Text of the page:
Australia joins the U.S. as the only two nations to have airborne electronic attack capability. The Growler’s radar-jamming devices deceive and frustrate enemy forces and allow strike jets to carry out their missions undetected.
“The Growlers really complement our combat capability, our legacy fighters, our Super Hornets and the Joint Strike Fighter (JSF); they’ll be a lot more lethal when you have a Growler up there to support,” said Wing Cmdr. Cameron Cornell, deputy project manager, Australian Growler program. Members of the Royal Australian Air Force will train with the U.S. Navy to learn the intricacies of controlling the electromagnetic spectrum.
The Royal Australian Growler recently demonstrated its agile flight capabilities during its first flight in St. Louis, Mo., where the Growler and Super Hornet assembly lines are located. Check out the video below to see the Australian Growler’s air prowess in action and learn more about Australia’s desire to master the art of electronic deception.
“A federal judge on Thursday rejected a legal challenge from a Guantanamo Bay detainee who said his imprisonment was unlawful now that President Barack Obama has declared an end to hostilities in Afghanistan,” ABC News reports.
“Muktar Yahya Najee al-Warafi, a Yemeni who was captured in Afghanistan, has been held since 2002 at the detention facility in Cuba for terror detainees. Judges have upheld his detention on grounds that he likely aided Taliban forces, though his lawyers have contended that he was simply a medic. His latest challenge centered on Obama administration statements made in the last year indicating that the war in Afghanistan had come to an end, including a January 2015 declaration that ‘our combat mission in Afghanistan is over.”
“His lawyers said that those assertions made al-Warafi’s detention unlawful under the Authorization for the Use of Military Force of 2001, which provided the legal justification for the imprisonment of foreign fighters captured on overseas battlefields.”
Jennifer Daskal takes issue with the ruling: ” Judge Lamberth says that detention is authorized under the 2001 Authorization to Use Military Force so long as ‘fighting continue[s].’ And there is clearly at least some ongoing fighting between the U.S. and Taliban. But armed conflict requires a lot more than just mere fighting; the fighting need be of sufficient intensity and intensity to qualify. Presumably Judge Lamberth believes that detention under the AUMF is authorized under something less? But based on what, and why? The opinion does not explain.”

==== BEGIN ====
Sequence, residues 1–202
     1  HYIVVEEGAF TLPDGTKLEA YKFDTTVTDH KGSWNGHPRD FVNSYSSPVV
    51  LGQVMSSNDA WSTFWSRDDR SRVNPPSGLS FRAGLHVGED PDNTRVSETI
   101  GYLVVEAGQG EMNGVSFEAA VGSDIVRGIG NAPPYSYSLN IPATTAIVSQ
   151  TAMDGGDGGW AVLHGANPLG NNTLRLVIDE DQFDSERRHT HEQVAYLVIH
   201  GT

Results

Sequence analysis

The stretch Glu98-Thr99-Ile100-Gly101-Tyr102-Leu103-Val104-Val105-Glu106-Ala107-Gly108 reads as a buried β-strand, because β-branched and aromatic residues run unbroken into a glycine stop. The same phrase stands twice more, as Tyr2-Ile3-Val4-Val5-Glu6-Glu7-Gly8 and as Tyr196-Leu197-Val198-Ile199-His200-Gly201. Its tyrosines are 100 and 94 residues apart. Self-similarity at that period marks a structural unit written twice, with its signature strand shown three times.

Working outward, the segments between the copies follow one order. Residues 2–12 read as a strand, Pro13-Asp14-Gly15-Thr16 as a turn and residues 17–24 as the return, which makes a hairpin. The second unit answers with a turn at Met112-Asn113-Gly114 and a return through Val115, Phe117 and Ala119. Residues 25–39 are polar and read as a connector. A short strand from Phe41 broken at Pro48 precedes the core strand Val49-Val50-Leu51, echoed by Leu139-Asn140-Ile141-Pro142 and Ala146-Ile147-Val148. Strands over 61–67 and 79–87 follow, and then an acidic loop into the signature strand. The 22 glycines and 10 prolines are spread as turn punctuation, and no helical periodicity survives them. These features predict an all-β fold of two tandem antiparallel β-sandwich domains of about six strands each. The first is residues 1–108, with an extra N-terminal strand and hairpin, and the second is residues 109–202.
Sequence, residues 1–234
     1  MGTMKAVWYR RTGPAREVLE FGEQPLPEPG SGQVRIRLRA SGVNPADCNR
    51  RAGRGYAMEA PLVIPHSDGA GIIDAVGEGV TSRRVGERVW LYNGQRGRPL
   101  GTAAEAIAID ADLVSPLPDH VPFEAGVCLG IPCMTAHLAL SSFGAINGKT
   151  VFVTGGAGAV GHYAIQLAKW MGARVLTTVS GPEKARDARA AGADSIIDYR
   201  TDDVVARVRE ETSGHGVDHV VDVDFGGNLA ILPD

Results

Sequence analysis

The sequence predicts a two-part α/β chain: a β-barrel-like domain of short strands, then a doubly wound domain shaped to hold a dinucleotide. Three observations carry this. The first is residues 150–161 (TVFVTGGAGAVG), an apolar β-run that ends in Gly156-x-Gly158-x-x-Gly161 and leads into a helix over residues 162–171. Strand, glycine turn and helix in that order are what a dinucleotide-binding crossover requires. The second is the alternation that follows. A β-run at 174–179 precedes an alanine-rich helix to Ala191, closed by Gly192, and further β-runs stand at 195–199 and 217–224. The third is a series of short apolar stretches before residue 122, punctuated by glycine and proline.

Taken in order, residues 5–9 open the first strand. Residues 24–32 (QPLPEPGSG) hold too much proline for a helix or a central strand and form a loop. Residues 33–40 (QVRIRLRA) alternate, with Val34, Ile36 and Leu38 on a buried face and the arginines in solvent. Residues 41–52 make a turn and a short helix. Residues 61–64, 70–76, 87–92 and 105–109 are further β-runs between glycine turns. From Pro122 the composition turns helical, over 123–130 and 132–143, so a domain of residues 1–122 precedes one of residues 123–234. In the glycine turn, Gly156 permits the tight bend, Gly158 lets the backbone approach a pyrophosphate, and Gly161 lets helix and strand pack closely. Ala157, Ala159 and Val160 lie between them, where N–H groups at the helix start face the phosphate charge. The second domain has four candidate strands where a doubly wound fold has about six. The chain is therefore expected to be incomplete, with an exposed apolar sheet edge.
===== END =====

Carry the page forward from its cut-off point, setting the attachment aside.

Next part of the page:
Army Times reports that “The Senate confirmed Marine Gen. Joseph Dunford Jr. as the next chairman of the Joint Chiefs of Staff on Wednesday, after a brief dispute between Pentagon leaders and the chamber’s leading critic of military sexual assault policy.”
“The spat between Sen. Kirsten Gillibrand, D-N.Y., and military officials had nothing to do with Dunford’s credentials but rather centered on data of sexual assaults at large military bases, information Gillibrand has been seeking for years. She stalled the confirmation process for about two days until Defense Secretary Ash Carter offered her assurances Wednesday morning that the information would be made available soon.”
“Dunford, who has served as commandant of the Marine Corps for the past year, was confirmed for his new post without opposition just a few hours later.”
“The Iraqi government has accepted only a fraction of fighting vehicles the U.S. has offered to provide it, indicating leaders in Baghdad desperately holding their country together amid the Islamic State group onslaught may be trying to appease multiple masters,” writes Paul Shinkman.
“Amid the rise of the Islamic State group late last year, U.S. News reported the U.S. military was hoarding more than 3,000 fighting vehicles in nearby Kuwait, mostly the mine-resistant, ambush-protected combat trucks known as MRAPs that played a key role in the wars in Iraq and Afghanistan… More than six months later, only 300 MRAPs have actually gone to the Iraqi government, U.S. News has subsequently learned, defying logic among observers who question why the besieged nation would not accept a deal that bolsters its defenses and improves greatly on its outdated fleet of vehicles.”